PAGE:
Friend or foe: The association of Labyrinthulomycetes with the Caribbean sea fan Gorgonia ventalina

Colleen A. BURGE*, Nancy DOUGLAS, Inga CONTI-JERPE, Ernesto WEIL, Steven ROBERTS, Carolyn S. FRIEDMAN, C. Drew HARVELL

*Corresponding author for this work

Research output: Journal PublicationsJournal Article (refereed)peer-review

26 Citations (Scopus)


A new syndrome in sea fans Gorgonia ventalina consisting of multifocal purple spots (MFPS) has been observed in the Caribbean Sea. Surveys of MFPS on sea fans were conducted from 2006 to 2010 at a shallow and deep site in La Parguera, Puerto Rico (PR). At the shallow site, MFPS increased between 2006 and 2010 (site average ranged from 8 to 23%), with differences found at depths over time using an analysis of covariance (ANCOVA, p < 0.0001). As a potential causative agent we examined a Labyrinthulomycota-like ovoid parasite that was observed to be abundant in MFPS lesions in light micrographs. Labyrinhylomycetes were successfully isolated, cultured and characterized in sea fans from Florida and PR. Sequence information obtained from the small subunit (SSU) rRNA gene indicated that Labyrinthulomycetes in most sea fans (healthy and MFPS sea fans from Florida; MFPS from PR) and the cultured microorganism are in the genus Aplanochytrium, although some healthy sea fans from PR contained members of the genus Thraustochytrium. Both genera fall within the family Thraustochytriidae. Histology confirmed ob ser - vations of thraustochytrids within apparently healthy and MFPS sea fans from PR, and specific staining indicated a host melanization response only in colonies containing Labyrinthulomycetes or fungal infections. Growth trials indicate that the temperature-growth optima for the cultured micro - organism is ~30°C. In inoculation experiments, the cultured Aplanochytrium did not induce purple spots, and histology revealed that many of the apparently healthy recipients contained Labyrinthulomycetes prior to inoculation. Taken together, these results indicate that the Labyrinthulomycetes associated with sea fans is likely an opportunistic pathogen. Further studies are needed to understand the pathogenesis of this microorganism in sea fans and its relationship with MFPS.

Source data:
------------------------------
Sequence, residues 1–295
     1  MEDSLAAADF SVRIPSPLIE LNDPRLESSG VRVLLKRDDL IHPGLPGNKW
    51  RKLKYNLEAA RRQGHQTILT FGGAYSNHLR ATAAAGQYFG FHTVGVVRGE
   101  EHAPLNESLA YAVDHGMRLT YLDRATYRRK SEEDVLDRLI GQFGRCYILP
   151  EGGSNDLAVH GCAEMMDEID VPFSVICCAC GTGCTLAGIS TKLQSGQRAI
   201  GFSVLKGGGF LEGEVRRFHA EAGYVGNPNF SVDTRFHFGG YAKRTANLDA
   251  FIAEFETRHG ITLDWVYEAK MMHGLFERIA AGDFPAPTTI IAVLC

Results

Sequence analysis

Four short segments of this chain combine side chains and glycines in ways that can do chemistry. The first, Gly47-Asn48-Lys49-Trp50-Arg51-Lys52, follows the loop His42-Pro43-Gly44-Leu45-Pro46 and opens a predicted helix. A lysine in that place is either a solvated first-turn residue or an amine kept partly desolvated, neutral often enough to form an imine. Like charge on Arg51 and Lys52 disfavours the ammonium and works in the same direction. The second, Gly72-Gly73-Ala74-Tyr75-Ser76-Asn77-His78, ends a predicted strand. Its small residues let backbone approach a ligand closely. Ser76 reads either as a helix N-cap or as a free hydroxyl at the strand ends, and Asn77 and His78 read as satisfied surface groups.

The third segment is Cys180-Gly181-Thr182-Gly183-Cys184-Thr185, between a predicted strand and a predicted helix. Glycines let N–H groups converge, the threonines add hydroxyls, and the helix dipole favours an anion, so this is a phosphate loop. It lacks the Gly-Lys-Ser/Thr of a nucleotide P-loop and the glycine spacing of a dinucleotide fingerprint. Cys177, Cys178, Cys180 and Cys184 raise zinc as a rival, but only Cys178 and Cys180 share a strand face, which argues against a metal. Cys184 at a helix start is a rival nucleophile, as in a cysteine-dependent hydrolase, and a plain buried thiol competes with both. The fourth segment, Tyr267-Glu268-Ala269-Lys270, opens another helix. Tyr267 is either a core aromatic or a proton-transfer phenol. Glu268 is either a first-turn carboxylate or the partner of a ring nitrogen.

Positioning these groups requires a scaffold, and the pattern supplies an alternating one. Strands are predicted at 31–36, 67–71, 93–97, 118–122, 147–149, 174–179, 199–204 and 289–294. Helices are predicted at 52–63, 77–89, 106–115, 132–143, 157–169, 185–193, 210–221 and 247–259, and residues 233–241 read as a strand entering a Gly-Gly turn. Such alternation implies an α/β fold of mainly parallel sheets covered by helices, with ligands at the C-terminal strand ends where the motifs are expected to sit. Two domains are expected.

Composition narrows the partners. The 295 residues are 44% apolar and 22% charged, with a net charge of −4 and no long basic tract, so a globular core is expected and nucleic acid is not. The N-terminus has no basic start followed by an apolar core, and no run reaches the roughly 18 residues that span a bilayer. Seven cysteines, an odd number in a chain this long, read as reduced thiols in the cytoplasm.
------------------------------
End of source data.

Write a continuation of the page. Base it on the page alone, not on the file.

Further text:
Original languageEnglish
Pages (from-to)1-12
Number of pages12
JournalDiseases of Aquatic Organisms
Issue number1
Publication statusPublished - 10 Oct 2012
Externally publishedYes


  • Caribbean sea fan
  • Gorgonia ventalina
  • Labyrinthulomycota
  • MFPS
  • Multi-focal purple spots


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